Let’s look at some simple ways to build trust more quickly.
Clean Up Your Advertising
A lot of advertising repels people. It brags about the business, boasts how great they are, or proudly exclaims how long it’s been around. It conveys arrogance.
Good advertising attracts people by focusing on problems the customer might be having, and then offering solutions. It shows what the customer can expect. Here are two examples:
- Rather than boasting “We’re experts with 30 years of experience,” try saying “Worried about being without your car? Most repairs are done in one day with an appointment.”
- Rather than bragging “We have factory-trained technicians,” try saying “Puzzled about how to explain what’s wrong with your car? No problem. Fill out our easy online questionnaire. That will help you explain your concerns.” And if the shop does not have a questionnaire on the site, consider it highly.
Improve Your Communication by Listening Better
People distrust those who don’t listen to them. Small improvements in your communication style will yield great gains in customer trust. If you haven’t already studied active listening skills (every business owner should), here are some quick tips. Practicing these things will let people know that you value what they have to say:
- Don’t jump to conclusions. When listening, don’t start thinking about an answer. Just concentrate on understanding what the other person is saying, and what they are feeling.
- Repeat back to them what you heard. For example, “I understand you had a bad experience at another repair shop, and that you’re concerned it will happen again. Is that correct? Good. Then let’s talk over a few ways we can ensure that doesn’t happen, OK?”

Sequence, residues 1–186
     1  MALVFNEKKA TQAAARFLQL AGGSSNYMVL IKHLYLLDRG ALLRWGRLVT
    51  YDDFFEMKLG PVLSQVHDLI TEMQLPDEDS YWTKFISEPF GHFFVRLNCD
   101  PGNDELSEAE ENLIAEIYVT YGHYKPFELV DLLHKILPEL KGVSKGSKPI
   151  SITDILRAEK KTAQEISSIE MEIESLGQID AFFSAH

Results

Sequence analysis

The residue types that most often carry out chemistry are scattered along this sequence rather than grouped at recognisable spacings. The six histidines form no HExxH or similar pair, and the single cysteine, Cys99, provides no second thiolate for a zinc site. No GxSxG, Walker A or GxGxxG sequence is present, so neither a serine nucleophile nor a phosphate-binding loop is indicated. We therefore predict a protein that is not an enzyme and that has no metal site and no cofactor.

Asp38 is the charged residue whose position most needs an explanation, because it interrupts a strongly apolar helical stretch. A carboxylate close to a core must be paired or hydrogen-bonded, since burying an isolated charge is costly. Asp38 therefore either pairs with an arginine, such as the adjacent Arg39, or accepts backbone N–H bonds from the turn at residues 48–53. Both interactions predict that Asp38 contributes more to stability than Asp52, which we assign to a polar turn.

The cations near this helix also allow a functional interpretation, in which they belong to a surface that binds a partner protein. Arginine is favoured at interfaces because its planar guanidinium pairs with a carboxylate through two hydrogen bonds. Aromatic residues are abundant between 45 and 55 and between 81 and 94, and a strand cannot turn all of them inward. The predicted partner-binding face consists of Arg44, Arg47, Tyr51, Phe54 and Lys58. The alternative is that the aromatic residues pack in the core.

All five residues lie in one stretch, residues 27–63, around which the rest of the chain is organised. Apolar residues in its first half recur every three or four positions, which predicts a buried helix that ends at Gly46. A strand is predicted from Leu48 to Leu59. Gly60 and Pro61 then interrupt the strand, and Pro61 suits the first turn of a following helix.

Make It Easier for People to Do Business with Your Shop
You and your staff don’t have time to listen to voicemails as soon as they come in. But customers don’t like waiting for an answer. The longer you make them wait, the more unappreciated they feel. That destroys trust.
To lessen that problem, offer other ways for customers to communicate with you:
- Confirm appointments by text one or two days in advance.
- Email, online chat and social media are all methods successful businesses use to engage with consumers. It builds a sense of community and trust. Use them.
Make it easier for people to contact you when they need to. Cars need less maintenance and repairs these days, so you’ll need to find ways to engage more potential new customers.
Promote Your Warranties Clearly
You know that if you use the best parts, and don’t skip steps in the repair process, repairs will last a long time. But “warranty” is still an unpleasant word to many shop owners. It shouldn’t be.
When giving estimates, always mention your warranty. Make it a selling point.
Do you offer longer warranties on certain repairs? Great! Is it free or is there an extra charge? People like having choices. It makes them feel that they are in charge.
Start with Your Techs
Customers aren’t the only ones who care about trust. Contrary to popular opinion, automotive technicians don’t list money as their number one reason for staying at a shop, or for leaving it either. Trust and respect are more important to them.
The way you distribute work has a huge influence on whether your techs trust you. Here are two ways to build that trust:
- Do you explain how you make decisions when allocating work among techs, or do you expect them to accept your decisions blindly?
- Is your shop’s warranty policy on labor clear and in writing? Is it part of your onboarding training for new techs? Do they get paid something, or nothing, for their labor if a part goes bad under warranty? Be clear on all that, so everybody knows what to expect when those situations arise.